Greaseball - I am sure that probably 99% of the time eye and ear checks at school aren't very accurate. But I can promise you the ones I do are dead on! I actually attended a class on using an audiometer and got a certificate so that I could administer the hearing tests at school. I am very careful and thorough on all the exams (lice too - yuk). I can also vouch for the ladies (volunteer moms) that I work with.

Of course I do know that we are an abnormality!
post #11 of 13
I was checked for scoliosis every year at school and never heard a thing. Three years after graduating I found out I had scoliosis but that I was past the age of having effective curative therapy. As a result, I just pay, year after year, for chiropractic and massage to keep comfortable. So what good did all of those checks do?
post #12 of 13
mommymushbrain said what I wanted. They need to be more concern with lunches and breakfasts they serve. They also need more physcial activities.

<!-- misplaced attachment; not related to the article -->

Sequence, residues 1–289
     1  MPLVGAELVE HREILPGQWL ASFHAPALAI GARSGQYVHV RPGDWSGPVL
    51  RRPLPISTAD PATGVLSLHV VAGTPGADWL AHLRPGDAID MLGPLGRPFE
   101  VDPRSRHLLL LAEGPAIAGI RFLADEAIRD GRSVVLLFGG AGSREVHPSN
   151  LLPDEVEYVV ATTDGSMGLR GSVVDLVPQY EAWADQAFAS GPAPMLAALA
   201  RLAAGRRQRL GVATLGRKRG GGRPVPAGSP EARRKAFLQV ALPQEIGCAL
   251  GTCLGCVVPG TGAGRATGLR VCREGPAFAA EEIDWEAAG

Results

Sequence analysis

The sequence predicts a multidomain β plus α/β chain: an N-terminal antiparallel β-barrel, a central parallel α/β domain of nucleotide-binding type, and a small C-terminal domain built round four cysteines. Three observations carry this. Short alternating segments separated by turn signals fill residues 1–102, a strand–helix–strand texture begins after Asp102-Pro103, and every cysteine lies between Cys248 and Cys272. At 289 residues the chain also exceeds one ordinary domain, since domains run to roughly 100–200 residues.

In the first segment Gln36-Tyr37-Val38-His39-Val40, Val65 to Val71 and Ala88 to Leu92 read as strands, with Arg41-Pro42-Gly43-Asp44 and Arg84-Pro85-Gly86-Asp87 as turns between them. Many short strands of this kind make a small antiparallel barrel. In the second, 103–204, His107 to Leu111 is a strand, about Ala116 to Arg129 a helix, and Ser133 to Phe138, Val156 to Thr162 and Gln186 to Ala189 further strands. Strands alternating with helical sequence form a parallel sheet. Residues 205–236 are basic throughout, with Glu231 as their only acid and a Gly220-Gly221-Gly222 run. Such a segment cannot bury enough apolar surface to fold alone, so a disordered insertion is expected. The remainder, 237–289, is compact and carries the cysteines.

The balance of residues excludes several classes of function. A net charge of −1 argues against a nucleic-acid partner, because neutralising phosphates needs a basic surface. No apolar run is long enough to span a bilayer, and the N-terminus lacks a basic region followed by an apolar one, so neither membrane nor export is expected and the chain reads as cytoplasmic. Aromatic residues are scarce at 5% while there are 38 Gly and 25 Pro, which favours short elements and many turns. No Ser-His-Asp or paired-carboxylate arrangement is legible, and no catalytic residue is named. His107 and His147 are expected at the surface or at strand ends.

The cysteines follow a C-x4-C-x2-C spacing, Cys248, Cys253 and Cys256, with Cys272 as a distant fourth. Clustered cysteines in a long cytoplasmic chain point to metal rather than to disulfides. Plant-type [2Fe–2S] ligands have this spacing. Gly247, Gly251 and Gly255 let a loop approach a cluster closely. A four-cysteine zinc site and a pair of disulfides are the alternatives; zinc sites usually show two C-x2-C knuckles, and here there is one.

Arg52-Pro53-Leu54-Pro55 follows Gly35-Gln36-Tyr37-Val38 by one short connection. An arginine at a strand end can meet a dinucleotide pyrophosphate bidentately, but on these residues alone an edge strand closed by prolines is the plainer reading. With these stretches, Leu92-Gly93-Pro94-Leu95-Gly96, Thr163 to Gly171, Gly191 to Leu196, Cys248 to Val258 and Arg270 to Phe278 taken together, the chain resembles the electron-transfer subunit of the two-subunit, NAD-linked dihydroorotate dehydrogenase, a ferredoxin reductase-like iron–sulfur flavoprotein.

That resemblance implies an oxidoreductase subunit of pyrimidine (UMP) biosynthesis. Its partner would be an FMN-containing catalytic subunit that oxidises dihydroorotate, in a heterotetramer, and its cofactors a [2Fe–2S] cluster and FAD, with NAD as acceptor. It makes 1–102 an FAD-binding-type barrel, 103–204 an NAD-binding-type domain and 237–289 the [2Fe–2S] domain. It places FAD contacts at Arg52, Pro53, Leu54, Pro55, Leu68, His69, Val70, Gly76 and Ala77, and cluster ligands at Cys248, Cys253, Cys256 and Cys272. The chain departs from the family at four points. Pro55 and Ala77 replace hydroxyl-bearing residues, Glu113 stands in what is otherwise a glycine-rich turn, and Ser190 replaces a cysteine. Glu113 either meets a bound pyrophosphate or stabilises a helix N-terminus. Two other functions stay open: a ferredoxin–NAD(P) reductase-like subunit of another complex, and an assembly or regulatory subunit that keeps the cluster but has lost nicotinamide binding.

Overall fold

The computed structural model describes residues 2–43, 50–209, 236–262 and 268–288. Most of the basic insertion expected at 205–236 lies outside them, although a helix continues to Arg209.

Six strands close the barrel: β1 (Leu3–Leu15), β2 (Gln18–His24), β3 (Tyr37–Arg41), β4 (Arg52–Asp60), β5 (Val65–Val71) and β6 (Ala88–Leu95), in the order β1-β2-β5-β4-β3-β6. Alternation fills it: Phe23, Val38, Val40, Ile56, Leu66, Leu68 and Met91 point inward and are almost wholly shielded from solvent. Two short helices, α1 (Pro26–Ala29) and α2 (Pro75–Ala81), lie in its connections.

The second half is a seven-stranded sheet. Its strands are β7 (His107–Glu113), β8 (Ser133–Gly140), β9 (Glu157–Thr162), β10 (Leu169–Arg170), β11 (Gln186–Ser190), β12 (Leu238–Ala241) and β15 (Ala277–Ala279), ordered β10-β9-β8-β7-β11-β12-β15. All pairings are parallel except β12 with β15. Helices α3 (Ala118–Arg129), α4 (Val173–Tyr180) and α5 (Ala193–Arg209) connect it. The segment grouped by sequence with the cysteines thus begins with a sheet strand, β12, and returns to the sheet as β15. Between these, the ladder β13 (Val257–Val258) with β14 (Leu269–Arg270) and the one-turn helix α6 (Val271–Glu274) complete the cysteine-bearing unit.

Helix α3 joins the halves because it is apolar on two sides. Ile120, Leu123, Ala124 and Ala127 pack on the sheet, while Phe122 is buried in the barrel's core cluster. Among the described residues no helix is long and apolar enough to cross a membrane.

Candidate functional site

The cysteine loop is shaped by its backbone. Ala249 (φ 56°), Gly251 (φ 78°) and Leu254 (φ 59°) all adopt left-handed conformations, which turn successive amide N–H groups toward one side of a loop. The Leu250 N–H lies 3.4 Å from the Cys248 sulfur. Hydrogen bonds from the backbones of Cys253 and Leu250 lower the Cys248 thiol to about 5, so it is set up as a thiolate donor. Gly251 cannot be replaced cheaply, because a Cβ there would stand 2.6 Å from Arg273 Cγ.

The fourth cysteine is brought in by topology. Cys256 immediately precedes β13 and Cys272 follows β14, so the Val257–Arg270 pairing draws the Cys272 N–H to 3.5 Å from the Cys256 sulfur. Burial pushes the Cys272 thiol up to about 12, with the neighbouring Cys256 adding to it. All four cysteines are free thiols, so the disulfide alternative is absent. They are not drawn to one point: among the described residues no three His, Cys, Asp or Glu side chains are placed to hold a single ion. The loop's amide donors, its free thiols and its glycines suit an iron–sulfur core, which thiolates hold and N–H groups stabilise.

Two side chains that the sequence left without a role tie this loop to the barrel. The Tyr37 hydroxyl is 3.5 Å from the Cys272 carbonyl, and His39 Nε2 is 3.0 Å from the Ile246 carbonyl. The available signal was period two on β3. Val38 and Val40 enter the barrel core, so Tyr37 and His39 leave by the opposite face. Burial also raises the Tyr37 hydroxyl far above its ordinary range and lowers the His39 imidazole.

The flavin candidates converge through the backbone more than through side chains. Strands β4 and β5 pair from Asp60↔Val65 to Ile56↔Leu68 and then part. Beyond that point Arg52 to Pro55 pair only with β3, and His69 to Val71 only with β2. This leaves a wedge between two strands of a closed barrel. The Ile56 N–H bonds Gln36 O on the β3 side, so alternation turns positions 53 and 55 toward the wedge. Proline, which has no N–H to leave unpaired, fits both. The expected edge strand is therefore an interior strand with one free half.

post #13 of 13
I'll bet this kind of thing is done according to state law--not the whim of the public school district. Our kids get vision and hearing screenings, which I'm not in favor of. I don't have a problem with the school requiring that they be done--but you should be able to get the requirement met with by visiting your own doctor, rather than at the school.

BTW--they are just screenings and are not meant to be nearly as thorough as what you would get at your doctor's. If they identify a possible problem, the assumption is then that the parents would follow up.

If we get notified beforehand about the weight screenings, no way would I sign a permission slip. But in my state, I'd bet they'd just do it without parental permission.

I wonder if people who object to medical care can get a waiver for these screenings on religious grounds.